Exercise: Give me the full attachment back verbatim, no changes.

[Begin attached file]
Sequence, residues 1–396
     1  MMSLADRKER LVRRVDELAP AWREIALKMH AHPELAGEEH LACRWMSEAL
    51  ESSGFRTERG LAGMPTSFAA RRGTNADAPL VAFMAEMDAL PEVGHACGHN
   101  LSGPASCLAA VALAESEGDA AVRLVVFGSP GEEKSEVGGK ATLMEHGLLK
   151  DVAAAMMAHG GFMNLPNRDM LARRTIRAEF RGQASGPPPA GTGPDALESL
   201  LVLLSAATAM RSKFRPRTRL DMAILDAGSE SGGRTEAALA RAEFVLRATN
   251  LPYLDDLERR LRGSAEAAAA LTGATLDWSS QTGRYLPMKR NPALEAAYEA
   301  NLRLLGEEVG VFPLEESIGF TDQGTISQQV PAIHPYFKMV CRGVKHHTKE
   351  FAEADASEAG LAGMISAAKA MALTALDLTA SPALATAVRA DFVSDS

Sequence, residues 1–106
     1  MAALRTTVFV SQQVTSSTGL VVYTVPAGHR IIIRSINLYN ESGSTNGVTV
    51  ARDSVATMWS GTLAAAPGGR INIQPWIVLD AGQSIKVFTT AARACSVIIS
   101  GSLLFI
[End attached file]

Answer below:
Sequence, residues 1–396
     1  MMSLADRKER LVRRVDELAP AWREIALKMH AHPELAGEEH LACRWMSEAL
    51  ESSGFRTERG LAGMPTSFAA RRGTNADAPL VAFMAEMDAL PEVGHACGHN
   101  LSGPASCLAA VALAESEGDA AVRLVVFGSP GEEKSEVGGK ATLMEHGLLK
   151  DVAAAMMAHG GFMNLPNRDM LARRTIRAEF RGQASGPPPA GTGPDALESL
   201  LVLLSAATAM RSKFRPRTRL DMAILDAGSE SGGRTEAALA RAEFVLRATN
   251  LPYLDDLERR LRGSAEAAAA LTGATLDWSS QTGRYLPMKR NPALEAAYEA
   301  NLRLLGEEVG VFPLEESIGF TDQGTISQQV PAIHPYFKMV CRGVKHHTKE
   351  FAEADASEAG LAGMISAAKA MALTALDLTA SPALATAVRA DFVSDS

Sequence, residues 1–106
     1  MAALRTTVFV SQQVTSSTGL VVYTVPAGHR IIIRSINLYN ESGSTNGVTV
    51  ARDSVATMWS GTLAAAPGGR INIQPWIVLD AGQSIKVFTT AARACSVIIS
   101  GSLLFI